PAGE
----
Baby duck laughs, waddles, and plays all the while peep, peep peeping. The animals yawn, peep. The chickens sing a lullaby, more peeping. That baby duck won’t sleep! The cows and the sheep try peep, peep, peeping. All the animals go outside to sleep but they can’t – too much peeping. Finally, Duck takes off his headphones and puts them on sleeping Farmer Brown. Duck puts baby duck in a bucket, covers her in a blanket and takes her outside. All the while baby duck keeps peeping. Duck climbs into the tractor, buckles their seatbelts and backs out of the barnyard. And you guessed it… Duck drives back and forth – peeping continues until finally little duck falls asleep. When Farmer Brown wakes up he doesn’t hear any animals but he sees Duck and little duck on the tractor sound asleep. Duck drove all over the farm – he was not a good driver - but mission accomplished!
Kids will love the animal antics while parents and caregivers will laugh at the premise. And really who hasn’t tried that age old trick of taking the baby for a car ride in hopes of having them go to sleep.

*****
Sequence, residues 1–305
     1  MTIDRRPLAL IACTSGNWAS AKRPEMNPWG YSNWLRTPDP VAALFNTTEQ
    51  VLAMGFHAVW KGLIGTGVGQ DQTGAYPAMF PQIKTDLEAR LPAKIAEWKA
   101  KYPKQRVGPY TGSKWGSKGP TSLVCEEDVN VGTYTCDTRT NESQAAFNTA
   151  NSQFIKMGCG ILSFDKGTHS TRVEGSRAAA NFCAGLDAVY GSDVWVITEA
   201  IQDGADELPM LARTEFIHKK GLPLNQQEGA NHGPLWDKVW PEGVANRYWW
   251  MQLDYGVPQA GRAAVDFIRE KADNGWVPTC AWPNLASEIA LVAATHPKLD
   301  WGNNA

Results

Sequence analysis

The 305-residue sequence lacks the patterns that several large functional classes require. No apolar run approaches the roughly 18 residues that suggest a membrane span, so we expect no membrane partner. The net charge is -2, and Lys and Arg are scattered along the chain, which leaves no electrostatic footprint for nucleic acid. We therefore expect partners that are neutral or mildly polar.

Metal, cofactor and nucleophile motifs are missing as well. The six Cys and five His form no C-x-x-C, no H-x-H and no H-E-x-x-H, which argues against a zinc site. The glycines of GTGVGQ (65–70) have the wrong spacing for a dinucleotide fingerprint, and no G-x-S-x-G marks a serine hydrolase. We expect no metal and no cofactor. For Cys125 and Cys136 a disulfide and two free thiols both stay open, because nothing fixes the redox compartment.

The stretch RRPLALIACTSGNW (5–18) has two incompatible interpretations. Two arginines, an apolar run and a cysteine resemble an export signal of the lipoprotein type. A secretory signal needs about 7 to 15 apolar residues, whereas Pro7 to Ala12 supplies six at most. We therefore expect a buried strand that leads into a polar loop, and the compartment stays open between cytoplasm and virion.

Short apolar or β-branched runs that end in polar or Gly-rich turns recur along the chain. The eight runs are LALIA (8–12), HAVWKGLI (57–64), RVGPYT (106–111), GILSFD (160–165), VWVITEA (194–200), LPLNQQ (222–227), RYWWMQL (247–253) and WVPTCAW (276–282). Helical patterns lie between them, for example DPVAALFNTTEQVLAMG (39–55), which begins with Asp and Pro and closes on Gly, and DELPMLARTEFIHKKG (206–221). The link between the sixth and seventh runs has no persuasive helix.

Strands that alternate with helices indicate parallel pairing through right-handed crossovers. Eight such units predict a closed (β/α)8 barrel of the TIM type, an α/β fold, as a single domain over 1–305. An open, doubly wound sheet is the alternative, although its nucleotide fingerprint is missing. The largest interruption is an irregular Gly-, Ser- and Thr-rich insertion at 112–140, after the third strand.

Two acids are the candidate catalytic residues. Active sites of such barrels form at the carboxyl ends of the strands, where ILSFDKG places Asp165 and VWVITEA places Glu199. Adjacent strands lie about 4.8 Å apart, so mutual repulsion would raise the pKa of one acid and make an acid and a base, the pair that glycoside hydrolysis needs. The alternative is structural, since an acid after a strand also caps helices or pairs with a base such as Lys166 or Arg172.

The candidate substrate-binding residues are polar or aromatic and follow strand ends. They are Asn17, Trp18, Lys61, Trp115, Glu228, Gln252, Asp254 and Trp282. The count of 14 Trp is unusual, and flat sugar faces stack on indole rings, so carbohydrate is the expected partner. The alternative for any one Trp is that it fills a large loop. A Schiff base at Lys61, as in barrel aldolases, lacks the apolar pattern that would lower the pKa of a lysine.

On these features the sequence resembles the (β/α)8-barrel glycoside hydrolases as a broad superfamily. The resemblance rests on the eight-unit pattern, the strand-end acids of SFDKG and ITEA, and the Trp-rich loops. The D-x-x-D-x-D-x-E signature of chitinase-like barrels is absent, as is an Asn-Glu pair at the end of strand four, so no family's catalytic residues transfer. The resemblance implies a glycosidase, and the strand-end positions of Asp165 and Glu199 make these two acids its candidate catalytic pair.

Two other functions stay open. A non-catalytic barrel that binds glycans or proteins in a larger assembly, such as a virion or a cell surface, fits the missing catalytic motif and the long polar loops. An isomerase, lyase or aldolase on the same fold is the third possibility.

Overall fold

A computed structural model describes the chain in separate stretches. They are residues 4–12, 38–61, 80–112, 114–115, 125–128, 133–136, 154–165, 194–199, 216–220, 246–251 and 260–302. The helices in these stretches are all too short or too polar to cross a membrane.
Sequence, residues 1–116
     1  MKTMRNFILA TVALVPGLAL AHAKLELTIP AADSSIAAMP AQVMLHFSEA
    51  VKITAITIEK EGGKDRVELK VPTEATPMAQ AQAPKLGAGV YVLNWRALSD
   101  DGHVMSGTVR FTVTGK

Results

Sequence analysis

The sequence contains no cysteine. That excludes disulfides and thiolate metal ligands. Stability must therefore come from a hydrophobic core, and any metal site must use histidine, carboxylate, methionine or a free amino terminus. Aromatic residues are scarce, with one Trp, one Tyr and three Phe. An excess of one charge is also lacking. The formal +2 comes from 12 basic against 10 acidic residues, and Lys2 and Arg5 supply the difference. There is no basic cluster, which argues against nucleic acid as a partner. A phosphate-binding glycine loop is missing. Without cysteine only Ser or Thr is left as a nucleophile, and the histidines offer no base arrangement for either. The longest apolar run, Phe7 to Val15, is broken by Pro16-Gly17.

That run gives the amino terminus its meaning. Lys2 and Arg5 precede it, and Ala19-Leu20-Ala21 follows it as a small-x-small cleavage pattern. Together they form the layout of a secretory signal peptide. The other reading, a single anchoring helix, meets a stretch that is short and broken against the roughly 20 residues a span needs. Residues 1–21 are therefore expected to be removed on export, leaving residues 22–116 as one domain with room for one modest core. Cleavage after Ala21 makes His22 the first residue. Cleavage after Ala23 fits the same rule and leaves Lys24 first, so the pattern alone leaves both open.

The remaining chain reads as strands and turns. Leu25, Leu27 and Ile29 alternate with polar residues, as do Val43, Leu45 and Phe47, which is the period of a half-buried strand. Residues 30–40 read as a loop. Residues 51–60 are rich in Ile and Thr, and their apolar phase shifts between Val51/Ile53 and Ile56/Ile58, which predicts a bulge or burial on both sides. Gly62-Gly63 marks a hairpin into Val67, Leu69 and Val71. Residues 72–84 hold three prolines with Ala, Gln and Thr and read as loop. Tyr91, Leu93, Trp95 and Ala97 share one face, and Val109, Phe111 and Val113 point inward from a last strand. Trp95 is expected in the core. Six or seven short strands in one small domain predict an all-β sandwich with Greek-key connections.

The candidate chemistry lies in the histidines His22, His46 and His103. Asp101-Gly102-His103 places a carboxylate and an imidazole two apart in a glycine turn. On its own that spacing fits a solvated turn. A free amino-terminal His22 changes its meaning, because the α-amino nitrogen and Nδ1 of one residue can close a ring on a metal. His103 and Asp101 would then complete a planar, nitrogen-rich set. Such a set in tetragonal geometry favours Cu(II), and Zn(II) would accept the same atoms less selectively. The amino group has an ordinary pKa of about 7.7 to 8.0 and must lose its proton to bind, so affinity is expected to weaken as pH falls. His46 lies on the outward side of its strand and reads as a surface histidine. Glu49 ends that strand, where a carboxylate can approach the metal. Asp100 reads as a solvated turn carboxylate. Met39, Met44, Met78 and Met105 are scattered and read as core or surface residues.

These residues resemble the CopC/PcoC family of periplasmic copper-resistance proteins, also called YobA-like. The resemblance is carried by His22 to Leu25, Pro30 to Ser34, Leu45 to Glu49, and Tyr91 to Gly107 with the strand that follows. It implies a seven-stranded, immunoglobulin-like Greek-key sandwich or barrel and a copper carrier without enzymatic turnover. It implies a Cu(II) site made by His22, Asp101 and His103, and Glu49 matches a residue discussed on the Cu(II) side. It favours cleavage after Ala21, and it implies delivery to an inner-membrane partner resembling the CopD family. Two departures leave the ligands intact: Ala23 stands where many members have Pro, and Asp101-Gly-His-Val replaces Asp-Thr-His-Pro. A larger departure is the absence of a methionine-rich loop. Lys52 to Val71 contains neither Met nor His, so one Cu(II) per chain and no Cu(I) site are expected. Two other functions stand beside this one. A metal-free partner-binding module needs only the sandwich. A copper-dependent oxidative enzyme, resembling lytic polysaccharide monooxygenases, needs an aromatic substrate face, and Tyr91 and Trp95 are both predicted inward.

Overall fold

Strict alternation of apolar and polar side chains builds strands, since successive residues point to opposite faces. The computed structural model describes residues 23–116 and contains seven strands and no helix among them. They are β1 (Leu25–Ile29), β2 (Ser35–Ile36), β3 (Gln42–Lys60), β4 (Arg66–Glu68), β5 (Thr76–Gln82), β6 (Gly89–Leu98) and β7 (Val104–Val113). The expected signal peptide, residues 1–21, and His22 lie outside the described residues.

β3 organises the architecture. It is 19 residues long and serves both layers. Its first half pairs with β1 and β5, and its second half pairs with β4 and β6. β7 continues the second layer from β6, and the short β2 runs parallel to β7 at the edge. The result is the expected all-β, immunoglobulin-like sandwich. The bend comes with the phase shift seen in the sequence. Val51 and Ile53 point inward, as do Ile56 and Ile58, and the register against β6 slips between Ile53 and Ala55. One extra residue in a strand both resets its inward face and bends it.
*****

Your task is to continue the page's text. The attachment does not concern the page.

I love the Doreen Cronin and Betsy Lewin combo of stories and illustrations. They are so child pleasing but with that added adult humor which is so much fun to find in picture books. Enjoy sharing this book over and over again.
Follow the baby whale as she experiences her first day of life in the sea . . . “Breathe, little whale!” After a day of play, making friends, singing, and exploring, the baby ends up with her mama: “Most of all, love and be loved.” Breathe is a lovely story to share with your own small person.
Oxytocin, a bizarre unsuspecting hormone expressed during sex and breast feeding, has been heavily linked to empathy, trust and - in a word - being a good person.
Okay. So what. Well, here's the problem. Women have it. Men don't (generally speaking). This explains why women tend to be less violent, more giving, and more empathic than men. Sorry, men, we simply cannot ignore these statistics.
Of course there is much more to the story than that. But this book, which absolutely blew my mind, tries to explain how and why oxytocin forms the building blocks of morality. For me, a student of religion, philosophy, and the intersection between them and science, this argument was fascinating. I highly recommend this book. This is one of those books that I will never forget